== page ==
U of W cancer study under wraps
Workers frustrated Essex Hall draft results aren’t being shared
BY SONJA PUZIC
Employees at the University of Windsor’s Essex Hall say they’re upset that the university has refused to share with them a draft report on its investigation of troubling cancer rates among people who work in the building.
Aldo DiCarlo, a physics laboratory co-ordinator at Essex Hall and president of CUPE Local 1393, said the union’s requests to see the draft report have been denied, despite employees’ concerns about health hazards in the building, which houses engineering, chemistry and physics labs.
“They said the report needs to be reviewed by senior management and that they need time to develop a communications plan. What does that mean?” DiCarlo said Monday. “It makes us wonder what’s in (the report). It worries me.”
DiCarlo said considering the serious nature of the investigation, the university should have readily released the report to the affected employee groups. He said he knows of at least five or six Local 1393 members diagnosed with cancer who worked at Essex Hall.
DiCarlo said the unusual cancer rates were first noticed about eight years ago when “all of a sudden, people started getting affected by rare cancers.”
DiCarlo said several Essex Hall employees were diagnosed with types of cancer not typically seen in the Windsor area, such as rare forms of leukemia.
Eventually, several employees raised the issue with management and the university launched a probe last year, sending out letters to more than 500 employees who worked in Essex Hall over the past few decades and asking for consent to look at their medical records.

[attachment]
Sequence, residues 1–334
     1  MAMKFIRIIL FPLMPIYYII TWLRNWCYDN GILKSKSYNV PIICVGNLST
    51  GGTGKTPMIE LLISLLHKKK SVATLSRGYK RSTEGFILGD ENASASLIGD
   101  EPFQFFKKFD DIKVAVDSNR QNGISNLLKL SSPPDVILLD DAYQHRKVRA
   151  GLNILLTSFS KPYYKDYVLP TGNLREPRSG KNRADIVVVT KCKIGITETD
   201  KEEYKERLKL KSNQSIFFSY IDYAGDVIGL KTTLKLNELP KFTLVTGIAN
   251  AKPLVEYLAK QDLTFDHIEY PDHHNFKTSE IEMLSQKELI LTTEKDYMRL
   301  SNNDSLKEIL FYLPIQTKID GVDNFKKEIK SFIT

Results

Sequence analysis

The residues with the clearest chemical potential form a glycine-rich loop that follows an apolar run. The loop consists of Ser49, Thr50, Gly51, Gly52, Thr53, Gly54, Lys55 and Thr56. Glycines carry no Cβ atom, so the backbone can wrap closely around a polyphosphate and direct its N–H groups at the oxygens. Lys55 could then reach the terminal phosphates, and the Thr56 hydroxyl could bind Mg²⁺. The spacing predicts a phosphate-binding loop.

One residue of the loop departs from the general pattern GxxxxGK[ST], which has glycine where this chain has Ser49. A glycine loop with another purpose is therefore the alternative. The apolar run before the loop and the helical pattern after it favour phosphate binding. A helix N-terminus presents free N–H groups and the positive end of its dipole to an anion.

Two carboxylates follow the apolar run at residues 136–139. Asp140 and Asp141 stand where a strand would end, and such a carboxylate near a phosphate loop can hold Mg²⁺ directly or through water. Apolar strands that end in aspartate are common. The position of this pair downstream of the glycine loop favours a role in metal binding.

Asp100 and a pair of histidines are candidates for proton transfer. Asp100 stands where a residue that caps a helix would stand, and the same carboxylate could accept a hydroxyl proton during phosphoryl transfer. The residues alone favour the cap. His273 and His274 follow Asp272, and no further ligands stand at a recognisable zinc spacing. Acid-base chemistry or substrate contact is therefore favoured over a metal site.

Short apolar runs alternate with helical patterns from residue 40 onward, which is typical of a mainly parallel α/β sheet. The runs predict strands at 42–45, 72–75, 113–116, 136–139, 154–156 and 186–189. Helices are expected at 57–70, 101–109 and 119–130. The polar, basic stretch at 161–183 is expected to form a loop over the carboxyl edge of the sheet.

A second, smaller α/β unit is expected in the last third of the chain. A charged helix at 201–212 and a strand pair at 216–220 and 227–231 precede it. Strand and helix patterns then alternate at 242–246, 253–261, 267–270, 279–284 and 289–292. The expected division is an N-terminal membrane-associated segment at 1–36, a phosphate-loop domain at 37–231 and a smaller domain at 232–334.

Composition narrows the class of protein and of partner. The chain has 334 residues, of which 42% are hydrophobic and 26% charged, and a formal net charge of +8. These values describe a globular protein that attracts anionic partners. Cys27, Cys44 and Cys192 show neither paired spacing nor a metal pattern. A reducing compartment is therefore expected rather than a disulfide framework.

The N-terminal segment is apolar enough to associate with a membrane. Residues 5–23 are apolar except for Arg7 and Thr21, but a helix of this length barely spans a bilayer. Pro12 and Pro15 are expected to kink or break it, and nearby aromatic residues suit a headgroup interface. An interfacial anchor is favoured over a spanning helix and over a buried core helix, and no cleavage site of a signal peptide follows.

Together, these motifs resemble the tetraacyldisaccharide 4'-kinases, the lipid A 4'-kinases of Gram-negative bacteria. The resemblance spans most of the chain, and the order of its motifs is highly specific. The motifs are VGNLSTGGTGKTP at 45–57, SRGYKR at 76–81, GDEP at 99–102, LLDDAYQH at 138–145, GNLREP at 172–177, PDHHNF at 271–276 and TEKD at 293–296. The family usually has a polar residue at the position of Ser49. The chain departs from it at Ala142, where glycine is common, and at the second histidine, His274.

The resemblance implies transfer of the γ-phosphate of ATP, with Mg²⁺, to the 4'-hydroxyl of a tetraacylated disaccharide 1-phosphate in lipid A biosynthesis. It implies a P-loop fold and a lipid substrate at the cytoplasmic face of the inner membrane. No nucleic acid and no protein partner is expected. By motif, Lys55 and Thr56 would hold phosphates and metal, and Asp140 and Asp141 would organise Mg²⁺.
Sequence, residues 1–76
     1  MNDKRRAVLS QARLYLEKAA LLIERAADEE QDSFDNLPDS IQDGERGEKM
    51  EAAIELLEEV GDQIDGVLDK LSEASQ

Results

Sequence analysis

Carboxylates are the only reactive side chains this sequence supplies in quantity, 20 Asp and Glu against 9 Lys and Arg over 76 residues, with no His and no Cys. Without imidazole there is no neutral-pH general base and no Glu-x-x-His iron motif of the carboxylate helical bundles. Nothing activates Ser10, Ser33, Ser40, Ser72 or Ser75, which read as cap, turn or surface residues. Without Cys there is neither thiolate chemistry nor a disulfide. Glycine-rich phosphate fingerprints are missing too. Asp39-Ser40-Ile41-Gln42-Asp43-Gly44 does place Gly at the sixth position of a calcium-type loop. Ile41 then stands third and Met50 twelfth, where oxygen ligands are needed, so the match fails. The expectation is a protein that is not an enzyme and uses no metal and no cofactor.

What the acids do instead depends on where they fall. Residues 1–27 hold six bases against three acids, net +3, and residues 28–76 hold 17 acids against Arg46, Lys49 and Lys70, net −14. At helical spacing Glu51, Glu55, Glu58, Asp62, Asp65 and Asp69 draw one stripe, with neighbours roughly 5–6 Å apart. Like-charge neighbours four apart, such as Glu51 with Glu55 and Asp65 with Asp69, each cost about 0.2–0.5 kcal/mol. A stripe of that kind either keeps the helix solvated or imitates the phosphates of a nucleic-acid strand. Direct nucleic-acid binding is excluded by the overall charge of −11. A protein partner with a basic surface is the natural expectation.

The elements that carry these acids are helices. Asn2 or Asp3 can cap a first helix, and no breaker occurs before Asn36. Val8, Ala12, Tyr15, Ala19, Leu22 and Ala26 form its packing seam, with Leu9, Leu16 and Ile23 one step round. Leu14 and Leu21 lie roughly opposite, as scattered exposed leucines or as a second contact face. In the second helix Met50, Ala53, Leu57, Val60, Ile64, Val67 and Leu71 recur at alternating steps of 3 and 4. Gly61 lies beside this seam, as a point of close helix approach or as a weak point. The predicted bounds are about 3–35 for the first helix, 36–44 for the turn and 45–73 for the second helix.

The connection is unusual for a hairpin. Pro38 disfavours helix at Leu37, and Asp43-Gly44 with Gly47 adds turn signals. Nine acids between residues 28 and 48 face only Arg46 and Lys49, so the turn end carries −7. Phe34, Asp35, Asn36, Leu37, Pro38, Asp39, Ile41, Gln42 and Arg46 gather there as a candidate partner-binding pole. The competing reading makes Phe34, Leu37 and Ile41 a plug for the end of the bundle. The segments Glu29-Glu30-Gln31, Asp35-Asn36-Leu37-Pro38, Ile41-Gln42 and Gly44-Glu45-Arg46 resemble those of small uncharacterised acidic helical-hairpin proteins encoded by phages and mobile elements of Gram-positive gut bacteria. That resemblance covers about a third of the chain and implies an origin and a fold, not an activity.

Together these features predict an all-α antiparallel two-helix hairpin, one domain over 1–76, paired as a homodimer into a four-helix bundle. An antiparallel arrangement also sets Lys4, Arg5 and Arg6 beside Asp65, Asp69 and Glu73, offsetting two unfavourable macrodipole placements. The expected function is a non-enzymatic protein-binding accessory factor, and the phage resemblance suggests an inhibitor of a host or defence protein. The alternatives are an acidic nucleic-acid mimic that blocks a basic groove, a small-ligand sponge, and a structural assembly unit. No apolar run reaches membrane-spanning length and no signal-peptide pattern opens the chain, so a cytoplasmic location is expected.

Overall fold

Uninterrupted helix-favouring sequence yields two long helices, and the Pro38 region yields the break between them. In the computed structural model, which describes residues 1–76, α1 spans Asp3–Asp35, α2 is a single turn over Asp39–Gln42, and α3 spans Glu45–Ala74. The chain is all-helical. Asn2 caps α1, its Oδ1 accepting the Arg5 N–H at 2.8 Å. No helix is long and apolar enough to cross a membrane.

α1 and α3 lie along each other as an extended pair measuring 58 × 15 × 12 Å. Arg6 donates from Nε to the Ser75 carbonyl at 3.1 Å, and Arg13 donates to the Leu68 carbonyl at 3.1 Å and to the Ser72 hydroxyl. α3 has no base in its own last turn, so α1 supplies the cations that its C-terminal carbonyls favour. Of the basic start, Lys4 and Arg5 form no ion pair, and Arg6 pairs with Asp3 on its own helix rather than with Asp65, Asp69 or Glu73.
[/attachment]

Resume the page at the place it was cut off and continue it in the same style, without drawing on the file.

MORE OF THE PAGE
U of W spokeswoman Lori Lewis said Monday the university has not released the epidemiologist’s draft report because a final version of the findings is expected “any day now.”
“We’re just on the verge of having it ready,” Lewis said. “The draft report will not be made available because it’s just that — a draft. It would not be responsible of us to release it until it’s finalized.”
Lewis said she didn’t know how long the university has had the draft report. Rita LaCivita, U of W’s executive director of human resources, who has been dealing with the Essex Hall cancer study, was unavailable Monday be- cause she was in the midst of labour negotiations between the university and the faculty union, which is threatening to strike.
Once the final report is in, the university “will be happy to address any concerns employees have,” Lewis said.
“We knew from the beginning that there would be a very short turnaround time between the draft and the final report,” she said.
Patrick Seguin, CUPE Local 1393 treasurer and an engineering technologist who has worked in Essex Hall for 30 years, said he’s not satisfied with the university’s explanation for not releasing the cancer study’s pre- liminary findings.
“It’s certainly concerning,” he said. “If there is no problem at Essex Hall, then there’s no reason not to show us the report. It makes your imagination run wild.”
DiCarlo and Seguin said the draft report should have been sent to the university’s central safety committee for review because it addresses a major health issue.
“You’re never 100 per cent sure what’s going on in the building,” Seguin said. “We have an old ventilation system ... and some people are worried about what kind of stuff they’re breathing in.”
Before commissioning the Essex Hall cancer study, the university did air quality tests in the building. The results didn’t set off any alarm bells.
Seguin said the cancer rates at Essex Hall may also be influenced by external factors, such as the building’s proximity to the Ambassador Bridge and the hundreds of diesel trucks that pass through the area each day.